The Spool / Movies
“Vacation Friends” makes enemies of comedy and good taste

The first 20th Century Studios movie for Hulu is an abysmal endeavor in countless ways.

It’s apparent that anyone at Disney or 20th Century Studios wanted with Vacation Friends was a 100-minute movie to accompany a thumbnail of John Cena and Lil Rel Howery on the front page of Hulu. That’s it. There’s no other purpose to this film’s existence. It’s just another piece of “content” that can gather dust on Hulu. Save for Space Jam: A New Legacy, you won’t find a more fitting representation in the summer of 2021 of what hollow cinema the age of algorithms and monopolistic streaming services has wrought. Put simply, Vacation Friends makes Mike and Dave Need Wedding Dates look like Safety Last!

On vacation in Mexico, Marcus (Howery) is planning on proposing to his girlfriend Emily (Yvonne Orji). Unfortunately, the hotel suite that was supposed to serve as the backdrop for this proposal turns out to be flooded. Director Clay Tarver, making his feature-film directorial debut, establishes his inability to execute comedy early on by drawing out the reveal to this devastated hotel room for so long that the inevitable punchline becomes apparent from the get-go. The comic timing is way off in this sequence and that kind of perplexing execution persists throughout the rest of the runtime.

Anyway, though the hotel room is a bust, Marcus and Emily do manage to commit to getting married and also run into rowdy couple Ron (Cena) and Kyla (Meredith Hagner). These two aren’t exactly conventional, but Marcus and Emily have a lot of drug-fueled fun with the duo. Once their vacation is done, the attention of Marcus and Emily switches over to focusing on the wedding, and particularly on getting Emily’s dad (Robert Wisdom) onboard with Marcus. As the wedding arrives, Ron and Kyla crash back into the couple’s lives, now bringing chaos wherever they go.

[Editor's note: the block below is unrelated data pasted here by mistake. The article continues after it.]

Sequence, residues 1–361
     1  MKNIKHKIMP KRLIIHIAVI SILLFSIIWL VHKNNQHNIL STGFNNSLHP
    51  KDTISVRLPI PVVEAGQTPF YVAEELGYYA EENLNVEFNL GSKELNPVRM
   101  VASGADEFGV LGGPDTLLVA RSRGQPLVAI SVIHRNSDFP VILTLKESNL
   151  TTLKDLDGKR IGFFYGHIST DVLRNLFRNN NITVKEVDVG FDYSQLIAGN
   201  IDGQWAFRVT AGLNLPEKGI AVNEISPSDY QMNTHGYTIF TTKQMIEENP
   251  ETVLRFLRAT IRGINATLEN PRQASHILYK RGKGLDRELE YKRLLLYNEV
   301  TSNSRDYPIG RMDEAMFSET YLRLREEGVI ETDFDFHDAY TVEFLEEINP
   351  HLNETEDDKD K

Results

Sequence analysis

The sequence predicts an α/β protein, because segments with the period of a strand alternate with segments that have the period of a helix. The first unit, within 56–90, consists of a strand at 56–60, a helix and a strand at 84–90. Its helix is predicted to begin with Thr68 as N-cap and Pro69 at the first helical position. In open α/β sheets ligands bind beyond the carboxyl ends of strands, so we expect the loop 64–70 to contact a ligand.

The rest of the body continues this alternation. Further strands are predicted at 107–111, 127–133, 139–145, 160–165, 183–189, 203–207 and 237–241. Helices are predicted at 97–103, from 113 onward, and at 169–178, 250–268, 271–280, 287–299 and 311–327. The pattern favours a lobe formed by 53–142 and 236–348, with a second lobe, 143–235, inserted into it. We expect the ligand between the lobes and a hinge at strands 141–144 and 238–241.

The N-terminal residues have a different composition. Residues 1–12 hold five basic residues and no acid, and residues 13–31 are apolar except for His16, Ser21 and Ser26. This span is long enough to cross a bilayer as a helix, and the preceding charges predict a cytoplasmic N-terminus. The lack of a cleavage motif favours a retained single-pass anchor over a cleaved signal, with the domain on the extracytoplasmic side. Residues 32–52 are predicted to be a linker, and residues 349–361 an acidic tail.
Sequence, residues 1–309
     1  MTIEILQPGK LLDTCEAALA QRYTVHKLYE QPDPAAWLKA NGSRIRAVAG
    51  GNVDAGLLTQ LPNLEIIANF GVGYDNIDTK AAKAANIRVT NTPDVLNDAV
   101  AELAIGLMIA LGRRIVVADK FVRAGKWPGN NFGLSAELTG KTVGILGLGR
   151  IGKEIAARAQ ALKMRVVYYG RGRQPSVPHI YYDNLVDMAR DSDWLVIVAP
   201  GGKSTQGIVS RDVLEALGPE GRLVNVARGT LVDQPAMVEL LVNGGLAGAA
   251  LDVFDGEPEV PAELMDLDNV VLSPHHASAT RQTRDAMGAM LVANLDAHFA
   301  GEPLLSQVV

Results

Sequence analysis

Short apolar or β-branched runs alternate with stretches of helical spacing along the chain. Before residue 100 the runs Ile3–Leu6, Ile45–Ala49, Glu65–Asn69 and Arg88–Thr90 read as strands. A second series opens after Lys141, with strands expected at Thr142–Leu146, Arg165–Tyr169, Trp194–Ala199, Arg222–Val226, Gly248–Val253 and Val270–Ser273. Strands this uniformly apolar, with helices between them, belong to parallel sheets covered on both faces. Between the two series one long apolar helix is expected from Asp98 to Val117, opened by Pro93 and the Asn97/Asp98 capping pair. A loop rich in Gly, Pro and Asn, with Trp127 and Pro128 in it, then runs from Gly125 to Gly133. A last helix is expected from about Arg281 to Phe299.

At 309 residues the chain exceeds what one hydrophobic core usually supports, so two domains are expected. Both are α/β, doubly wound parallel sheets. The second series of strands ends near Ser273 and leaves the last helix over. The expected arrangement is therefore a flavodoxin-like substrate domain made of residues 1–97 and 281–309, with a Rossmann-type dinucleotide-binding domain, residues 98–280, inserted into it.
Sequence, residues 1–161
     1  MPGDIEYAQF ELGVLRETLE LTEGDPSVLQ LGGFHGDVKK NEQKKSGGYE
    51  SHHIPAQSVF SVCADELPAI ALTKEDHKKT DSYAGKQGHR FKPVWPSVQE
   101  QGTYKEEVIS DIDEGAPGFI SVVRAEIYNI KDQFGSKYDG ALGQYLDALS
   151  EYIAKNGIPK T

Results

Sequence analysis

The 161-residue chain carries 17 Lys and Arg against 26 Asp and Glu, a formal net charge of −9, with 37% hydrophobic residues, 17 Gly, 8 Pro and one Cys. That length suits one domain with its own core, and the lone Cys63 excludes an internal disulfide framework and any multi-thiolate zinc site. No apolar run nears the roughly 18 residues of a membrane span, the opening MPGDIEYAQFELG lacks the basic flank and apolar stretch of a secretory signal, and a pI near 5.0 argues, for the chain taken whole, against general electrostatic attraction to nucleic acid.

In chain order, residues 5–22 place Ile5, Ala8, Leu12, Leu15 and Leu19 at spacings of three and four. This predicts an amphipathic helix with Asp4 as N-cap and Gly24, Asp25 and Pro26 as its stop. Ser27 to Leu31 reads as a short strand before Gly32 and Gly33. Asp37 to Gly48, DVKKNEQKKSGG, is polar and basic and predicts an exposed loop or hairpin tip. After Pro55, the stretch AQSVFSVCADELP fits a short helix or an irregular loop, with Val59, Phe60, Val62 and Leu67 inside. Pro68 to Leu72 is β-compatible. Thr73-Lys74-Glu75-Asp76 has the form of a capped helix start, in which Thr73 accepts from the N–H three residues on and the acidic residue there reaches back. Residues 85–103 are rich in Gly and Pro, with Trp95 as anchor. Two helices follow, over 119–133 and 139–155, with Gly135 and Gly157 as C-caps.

From there, screenwriters Tom Mullen & Tim Mullen, Clay Tarver, and Jonathan Goldstein & John Francis Daley proceed to trot all the expected narrative routes for a mainstream American comedy. For example, Ron and Kyla instantly get along with family members that Marcus and Emily failed to connect with. Meanwhile, there are all kinds of wacky comedic shenanigans, like a trip to the golf course, that seem like they’ll inevitably go haywire before getting wrapped up like a tidy bow. 

All of it’s delivered without an ounce of personality, humor, or even just basic fun. Nothing in Tarver’s execution of these gags suggests even an ounce of personality. Even the debauchery is basic stuff for this genre, references to cocaine and people talking about “balls”. The premise is so thoughtlessly assembled that all the supporting characters just begin to have a loud fight for seemingly no other reason than to wake up viewers who have (understandably) fallen asleep on their couches. 

The mechanical surface-level execution of Vacation Friends does make one plot detail stand out, though for all the wrong reasons. The climax of all the Mexico partying leaves Marcus drunkenly snoozing on the couch. At one point, he wakes up and finds Kyla on top of him, grinding and thrusting. It’s clearly meant to indicate that she’s having sex with an unconscious Marcus, which is rape pure and simple. Because this is a man getting raped by a woman, Vacation Friends just uses this development to spur on a derivative pregnancy subplot.